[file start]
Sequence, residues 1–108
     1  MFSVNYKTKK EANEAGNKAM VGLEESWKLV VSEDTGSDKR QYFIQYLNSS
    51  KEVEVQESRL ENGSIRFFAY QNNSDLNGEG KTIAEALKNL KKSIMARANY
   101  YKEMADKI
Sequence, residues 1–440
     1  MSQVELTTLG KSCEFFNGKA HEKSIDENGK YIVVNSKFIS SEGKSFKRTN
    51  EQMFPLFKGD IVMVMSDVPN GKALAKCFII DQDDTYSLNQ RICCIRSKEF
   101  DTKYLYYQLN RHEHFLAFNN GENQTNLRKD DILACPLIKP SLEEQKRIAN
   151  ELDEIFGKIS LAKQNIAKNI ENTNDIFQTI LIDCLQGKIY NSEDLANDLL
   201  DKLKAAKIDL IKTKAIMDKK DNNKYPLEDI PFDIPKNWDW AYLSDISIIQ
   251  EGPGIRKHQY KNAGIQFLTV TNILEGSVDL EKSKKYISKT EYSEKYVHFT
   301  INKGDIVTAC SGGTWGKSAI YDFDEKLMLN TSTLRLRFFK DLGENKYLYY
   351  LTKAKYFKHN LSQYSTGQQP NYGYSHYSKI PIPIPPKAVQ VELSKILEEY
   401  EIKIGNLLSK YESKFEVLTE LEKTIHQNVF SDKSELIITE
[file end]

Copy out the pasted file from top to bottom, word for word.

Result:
Sequence, residues 1–108
     1  MFSVNYKTKK EANEAGNKAM VGLEESWKLV VSEDTGSDKR QYFIQYLNSS
    51  KEVEVQESRL ENGSIRFFAY QNNSDLNGEG KTIAEALKNL KKSIMARANY
   101  YKEMADKI
Sequence, residues 1–440
     1  MSQVELTTLG KSCEFFNGKA HEKSIDENGK YIVVNSKFIS SEGKSFKRTN
    51  EQMFPLFKGD IVMVMSDVPN GKALAKCFII DQDDTYSLNQ RICCIRSKEF
   101  DTKYLYYQLN RHEHFLAFNN GENQTNLRKD DILACPLIKP SLEEQKRIAN
   151  ELDEIFGKIS LAKQNIAKNI ENTNDIFQTI LIDCLQGKIY NSEDLANDLL
   201  DKLKAAKIDL IKTKAIMDKK DNNKYPLEDI PFDIPKNWDW AYLSDISIIQ
   251  EGPGIRKHQY KNAGIQFLTV TNILEGSVDL EKSKKYISKT EYSEKYVHFT
   301  INKGDIVTAC SGGTWGKSAI YDFDEKLMLN TSTLRLRFFK DLGENKYLYY
   351  LTKAKYFKHN LSQYSTGQQP NYGYSHYSKI PIPIPPKAVQ VELSKILEEY
   401  EIKIGNLLSK YESKFEVLTE LEKTIHQNVF SDKSELIITE